Home Inspections with Radon Testing
What Is Radon and Why Should I Test For It?
As the Uranium atom decays and goes through its half-life it’s converted to Radium-226, which again decays and goes through its half-life, and is converted to Radium-222.
As these conversions take place, the atoms are rising through limestone, bedrock, clay, and soil from hundreds of feet below grade. These atoms eventually surface and can enter homes through cracks on concrete slab floors, cracks in foundation walls, any floor or wall penetrations, windows, well water, etc.
Radium-222 once inhaled decays into radioactive particles that can get trapped in your lungs when you breathe. As they break down further, these particles release small bursts of energy. This can damage lung tissue and lead to lung cancer over the course of your lifetime. Not everyone exposed to elevated levels of radon will develop lung cancer, and the amount of time between exposure and the onset of the disease may be many years.
Radon is measured in pCi/L (picocuries per liter). Picocurie per liter (pCi/L): a unit of radioactivity corresponding to an average of one decay every 27 seconds in a volume of one liter, or 0.037 decays per second a liter of air or water: 1 pCi/L = 37 becquerels per cubic meter (Bq/m3).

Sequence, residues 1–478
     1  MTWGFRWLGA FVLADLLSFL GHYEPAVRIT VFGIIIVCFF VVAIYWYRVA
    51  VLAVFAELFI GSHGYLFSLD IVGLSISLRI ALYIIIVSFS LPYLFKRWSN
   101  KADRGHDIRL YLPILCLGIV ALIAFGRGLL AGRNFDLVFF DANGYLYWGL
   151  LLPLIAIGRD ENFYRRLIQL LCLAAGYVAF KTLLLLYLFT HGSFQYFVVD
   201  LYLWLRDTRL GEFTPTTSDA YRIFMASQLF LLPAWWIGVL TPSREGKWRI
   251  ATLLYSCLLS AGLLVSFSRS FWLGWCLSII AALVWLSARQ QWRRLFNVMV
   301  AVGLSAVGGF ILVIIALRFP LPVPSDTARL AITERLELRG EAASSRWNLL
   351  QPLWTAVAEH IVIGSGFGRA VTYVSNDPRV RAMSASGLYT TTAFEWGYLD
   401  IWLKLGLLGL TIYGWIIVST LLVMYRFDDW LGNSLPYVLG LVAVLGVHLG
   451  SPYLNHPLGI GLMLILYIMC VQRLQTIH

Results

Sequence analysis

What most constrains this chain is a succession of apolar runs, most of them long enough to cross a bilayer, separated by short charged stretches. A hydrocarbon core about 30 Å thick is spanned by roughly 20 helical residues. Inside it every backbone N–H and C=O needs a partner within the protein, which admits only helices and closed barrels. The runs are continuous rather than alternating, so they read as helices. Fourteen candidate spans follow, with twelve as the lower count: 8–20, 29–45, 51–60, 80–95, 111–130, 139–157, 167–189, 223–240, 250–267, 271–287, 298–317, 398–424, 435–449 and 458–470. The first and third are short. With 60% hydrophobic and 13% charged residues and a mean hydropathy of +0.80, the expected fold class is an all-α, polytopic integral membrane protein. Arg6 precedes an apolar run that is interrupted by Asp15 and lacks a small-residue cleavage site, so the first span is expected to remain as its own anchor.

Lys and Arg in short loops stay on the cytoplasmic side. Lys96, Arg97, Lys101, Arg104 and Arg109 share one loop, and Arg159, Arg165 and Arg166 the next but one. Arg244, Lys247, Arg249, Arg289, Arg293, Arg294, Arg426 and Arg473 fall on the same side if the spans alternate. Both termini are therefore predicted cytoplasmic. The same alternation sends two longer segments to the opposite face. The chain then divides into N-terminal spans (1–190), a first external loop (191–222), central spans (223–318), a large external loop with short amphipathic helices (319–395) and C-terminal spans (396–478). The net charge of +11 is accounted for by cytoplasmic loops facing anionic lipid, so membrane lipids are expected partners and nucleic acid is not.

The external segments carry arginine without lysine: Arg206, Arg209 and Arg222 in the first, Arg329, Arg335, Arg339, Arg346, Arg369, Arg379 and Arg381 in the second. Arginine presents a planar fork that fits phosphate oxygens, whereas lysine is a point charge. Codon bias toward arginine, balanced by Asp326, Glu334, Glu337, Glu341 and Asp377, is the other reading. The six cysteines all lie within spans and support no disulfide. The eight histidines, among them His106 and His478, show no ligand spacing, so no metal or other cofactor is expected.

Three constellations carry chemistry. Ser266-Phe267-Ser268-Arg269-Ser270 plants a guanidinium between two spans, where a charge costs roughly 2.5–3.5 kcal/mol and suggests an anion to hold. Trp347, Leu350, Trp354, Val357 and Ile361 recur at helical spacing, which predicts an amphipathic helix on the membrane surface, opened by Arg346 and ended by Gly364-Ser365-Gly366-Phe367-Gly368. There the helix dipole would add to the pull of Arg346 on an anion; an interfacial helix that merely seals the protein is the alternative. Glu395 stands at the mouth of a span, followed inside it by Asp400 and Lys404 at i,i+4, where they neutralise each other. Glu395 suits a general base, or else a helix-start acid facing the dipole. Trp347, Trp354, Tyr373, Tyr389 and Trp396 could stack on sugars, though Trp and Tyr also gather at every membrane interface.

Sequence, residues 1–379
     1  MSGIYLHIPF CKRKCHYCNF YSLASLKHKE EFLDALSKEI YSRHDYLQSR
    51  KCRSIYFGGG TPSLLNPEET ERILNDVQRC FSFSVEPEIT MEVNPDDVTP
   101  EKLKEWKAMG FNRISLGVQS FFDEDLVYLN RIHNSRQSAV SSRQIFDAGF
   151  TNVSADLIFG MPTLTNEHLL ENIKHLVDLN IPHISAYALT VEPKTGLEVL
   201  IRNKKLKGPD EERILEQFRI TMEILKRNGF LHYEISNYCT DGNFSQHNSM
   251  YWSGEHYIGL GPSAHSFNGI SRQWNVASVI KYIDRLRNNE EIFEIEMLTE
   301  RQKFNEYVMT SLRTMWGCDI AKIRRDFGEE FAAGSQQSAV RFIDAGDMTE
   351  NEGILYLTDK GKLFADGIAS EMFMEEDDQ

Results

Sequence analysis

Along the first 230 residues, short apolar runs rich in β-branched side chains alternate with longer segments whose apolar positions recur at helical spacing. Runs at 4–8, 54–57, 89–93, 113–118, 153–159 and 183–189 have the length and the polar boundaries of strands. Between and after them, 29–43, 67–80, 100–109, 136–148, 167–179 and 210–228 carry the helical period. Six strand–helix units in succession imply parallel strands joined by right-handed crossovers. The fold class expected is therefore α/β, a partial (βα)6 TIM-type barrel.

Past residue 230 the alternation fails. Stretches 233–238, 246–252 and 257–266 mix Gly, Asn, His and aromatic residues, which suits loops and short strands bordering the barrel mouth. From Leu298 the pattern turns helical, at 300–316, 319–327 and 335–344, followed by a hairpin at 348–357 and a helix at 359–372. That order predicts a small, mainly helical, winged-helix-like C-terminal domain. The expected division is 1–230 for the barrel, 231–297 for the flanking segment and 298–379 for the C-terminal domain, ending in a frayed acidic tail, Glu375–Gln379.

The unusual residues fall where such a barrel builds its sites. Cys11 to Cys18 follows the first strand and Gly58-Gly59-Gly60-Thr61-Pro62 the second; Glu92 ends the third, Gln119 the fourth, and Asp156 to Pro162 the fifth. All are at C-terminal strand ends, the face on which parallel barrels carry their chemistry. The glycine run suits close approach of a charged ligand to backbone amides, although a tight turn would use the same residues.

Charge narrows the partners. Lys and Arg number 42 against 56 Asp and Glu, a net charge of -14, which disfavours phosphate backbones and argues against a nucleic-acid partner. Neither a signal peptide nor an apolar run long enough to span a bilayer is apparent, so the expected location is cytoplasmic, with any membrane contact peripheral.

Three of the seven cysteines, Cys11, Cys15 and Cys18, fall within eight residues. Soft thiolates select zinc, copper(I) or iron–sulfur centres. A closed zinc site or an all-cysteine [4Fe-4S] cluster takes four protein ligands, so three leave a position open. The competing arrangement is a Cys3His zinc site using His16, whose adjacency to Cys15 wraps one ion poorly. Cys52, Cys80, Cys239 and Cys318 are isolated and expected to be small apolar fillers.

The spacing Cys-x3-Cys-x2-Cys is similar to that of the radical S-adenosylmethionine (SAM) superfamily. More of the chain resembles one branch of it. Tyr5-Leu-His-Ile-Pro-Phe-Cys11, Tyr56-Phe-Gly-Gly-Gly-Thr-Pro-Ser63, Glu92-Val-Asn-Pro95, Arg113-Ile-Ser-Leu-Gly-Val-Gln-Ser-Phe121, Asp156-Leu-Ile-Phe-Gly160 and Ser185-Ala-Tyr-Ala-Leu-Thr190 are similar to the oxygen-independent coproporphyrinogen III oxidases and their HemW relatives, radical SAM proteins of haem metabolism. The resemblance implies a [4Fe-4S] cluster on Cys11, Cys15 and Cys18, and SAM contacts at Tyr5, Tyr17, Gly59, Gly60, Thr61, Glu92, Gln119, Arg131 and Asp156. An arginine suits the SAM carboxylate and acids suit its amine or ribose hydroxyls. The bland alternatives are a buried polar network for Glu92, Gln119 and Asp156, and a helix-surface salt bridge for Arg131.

The EPA states any home testing over 4 pCi/L should have a Radon Mitigation system installed to lower Radon levels. I typically find that 1 out of every 3 homes that I test have a Radon level in excess of 4.0 pci/l.
Radon Concentrations Across The State of TN
In NE Tennessee; Sullivan, Washington, Greene, and Hawkins counties are in Zone 1. This zone has an indoor testing average greater than 4.0 pci/l. While Carter and Unicoi Counties are in Zone 2, with an average between 2 – 4 pci/l.
Deaths Associated With Radon
Radon Gas is currently the second leading cause of Lung Cancer Deaths in the United States. Over 21,000 deaths are associated with it annually. Radon is the number 13 leading cause of deaths annually overall!
Information on Testing
I test for the presence of Radon with the newest and most advanced monitor available on the market; the Corentium Pro. This monitor is fully AARST-NRPP certified, and uses a passive diffusion chamber, using alpha spectrometry to precisely calculate the radon level.
The monitor is set up on the lowest, lived-in level of the home, and runs for 48 hours. The monitors collects an hour by hour average of the radon concentration level in the home. The 48 hour average of the hour by hour readings, will be presented in the report that is produced.
This monitor also collects hour by hour temperature, humidity, and barometric pressure readings, as well as monitoring for movement or vibrations to the device. These temperature, humidity, pressure, and vibration readings are collected to alert us to the possibility that the test was tampered with. For example; someone trying to move the device outdoors, opening windows or doors, etc.
The test results are available immediately after collecting the device, and a full report showing all the data for 48 hours, is sent out the same day.